Also, for some embodiments, a conductive middle electrode 130 is formed (step S100), contiguous with the layer of silicon-rich insulator 60. Formation of conductive electrode 130 may include patterning the electrode. If necessary, an additional step S95 of planarizing the interlayer dielectric (ILD) is performed, e.g., by chemical-mechanical polishing (CMP).
Those skilled in the art will recognize from study and comparison of
Dimensions L1-L8 shown in cross-section drawings,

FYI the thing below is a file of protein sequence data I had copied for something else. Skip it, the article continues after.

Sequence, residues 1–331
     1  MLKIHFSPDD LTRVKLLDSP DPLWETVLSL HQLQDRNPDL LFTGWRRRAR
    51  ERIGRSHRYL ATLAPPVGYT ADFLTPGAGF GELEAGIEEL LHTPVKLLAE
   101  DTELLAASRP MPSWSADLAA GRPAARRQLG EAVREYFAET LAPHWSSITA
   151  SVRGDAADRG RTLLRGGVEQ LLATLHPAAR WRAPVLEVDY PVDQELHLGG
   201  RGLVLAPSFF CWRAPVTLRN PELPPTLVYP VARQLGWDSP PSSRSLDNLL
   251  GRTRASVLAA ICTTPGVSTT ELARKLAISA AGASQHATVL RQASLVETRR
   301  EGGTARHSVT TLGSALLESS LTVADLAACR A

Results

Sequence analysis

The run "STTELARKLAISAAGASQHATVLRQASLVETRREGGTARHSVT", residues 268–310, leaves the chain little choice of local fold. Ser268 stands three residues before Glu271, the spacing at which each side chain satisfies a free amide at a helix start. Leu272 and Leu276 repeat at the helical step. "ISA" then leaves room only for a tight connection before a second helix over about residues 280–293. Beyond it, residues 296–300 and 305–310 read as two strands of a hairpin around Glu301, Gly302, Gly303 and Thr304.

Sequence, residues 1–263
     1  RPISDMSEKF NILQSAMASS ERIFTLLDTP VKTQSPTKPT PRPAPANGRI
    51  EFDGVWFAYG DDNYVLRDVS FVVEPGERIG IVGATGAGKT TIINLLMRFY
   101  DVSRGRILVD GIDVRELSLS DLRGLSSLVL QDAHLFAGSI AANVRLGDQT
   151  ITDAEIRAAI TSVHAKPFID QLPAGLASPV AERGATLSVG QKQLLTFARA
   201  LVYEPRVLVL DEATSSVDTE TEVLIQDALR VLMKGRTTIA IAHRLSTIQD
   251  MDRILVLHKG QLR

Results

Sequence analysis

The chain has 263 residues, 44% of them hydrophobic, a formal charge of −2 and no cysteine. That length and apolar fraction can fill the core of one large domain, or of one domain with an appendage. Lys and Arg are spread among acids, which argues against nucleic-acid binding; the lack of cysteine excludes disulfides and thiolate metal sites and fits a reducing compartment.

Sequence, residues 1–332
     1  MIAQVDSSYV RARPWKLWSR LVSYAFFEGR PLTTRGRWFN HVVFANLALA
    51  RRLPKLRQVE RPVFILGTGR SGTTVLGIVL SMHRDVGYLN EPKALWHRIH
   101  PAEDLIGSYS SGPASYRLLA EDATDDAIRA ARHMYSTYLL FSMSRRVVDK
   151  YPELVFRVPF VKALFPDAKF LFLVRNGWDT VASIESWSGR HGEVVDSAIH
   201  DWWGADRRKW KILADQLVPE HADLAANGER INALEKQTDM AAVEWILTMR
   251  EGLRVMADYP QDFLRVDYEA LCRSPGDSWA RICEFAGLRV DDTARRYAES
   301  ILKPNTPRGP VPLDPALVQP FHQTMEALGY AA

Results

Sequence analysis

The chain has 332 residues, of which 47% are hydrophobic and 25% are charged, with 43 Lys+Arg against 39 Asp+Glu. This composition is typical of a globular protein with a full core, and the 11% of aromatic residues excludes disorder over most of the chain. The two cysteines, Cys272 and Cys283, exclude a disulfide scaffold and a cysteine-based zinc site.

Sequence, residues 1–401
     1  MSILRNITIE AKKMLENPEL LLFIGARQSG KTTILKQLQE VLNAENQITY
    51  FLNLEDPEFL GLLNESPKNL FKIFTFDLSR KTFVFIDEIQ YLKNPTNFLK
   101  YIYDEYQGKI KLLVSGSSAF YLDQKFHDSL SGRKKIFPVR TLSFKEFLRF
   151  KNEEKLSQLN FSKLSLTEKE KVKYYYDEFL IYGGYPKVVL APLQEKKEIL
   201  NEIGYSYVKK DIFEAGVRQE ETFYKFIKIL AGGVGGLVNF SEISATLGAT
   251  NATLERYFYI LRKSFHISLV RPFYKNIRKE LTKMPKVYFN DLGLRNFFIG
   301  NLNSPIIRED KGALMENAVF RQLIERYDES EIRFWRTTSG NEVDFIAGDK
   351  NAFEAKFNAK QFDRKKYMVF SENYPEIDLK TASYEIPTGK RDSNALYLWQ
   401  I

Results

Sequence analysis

Thus, a practical aspect of the invention is a method for fabricating a memory cell 20 and corresponding methods for fabricating memory arrays 10 containing a number of such cells. Such method, as described above, includes steps of providing a substrate 300, depositing and patterning a first conductive layer 30 or 40 over the substrate, forming a storage layer 50, forming a layer of silicon-rich insulator 60, forming a tunnel-junction layer 70 over the layer of silicon-rich insulator, and forming and patterning a second conductive layer 30 or 40 over the tunnel-junction layer 70. The method may also include steps of patterning the layer of silicon-rich insulator, depositing an interlayer dielectric (ILD) 120, planarizing the interlayer dielectric (ILD), forming a conductive middle electrode 130 contiguous with the layer of silicon-rich insulator and/or contiguous with storage layer 50, and patterning the conductive middle electrode 130. In one embodiment of such methods, the interlayer dielectric 120 is formed over storage layer 50 and patterned, an opening is formed through the interlayer dielectric and extending to the storage layer 50, and the opening through the interlayer dielectric is filled with conductive material to form a middle electrode 130 contiguous with the storage layer 50. In some embodiments, middle electrode 130 is formed contiguous with the layer of silicon-rich insulator 60.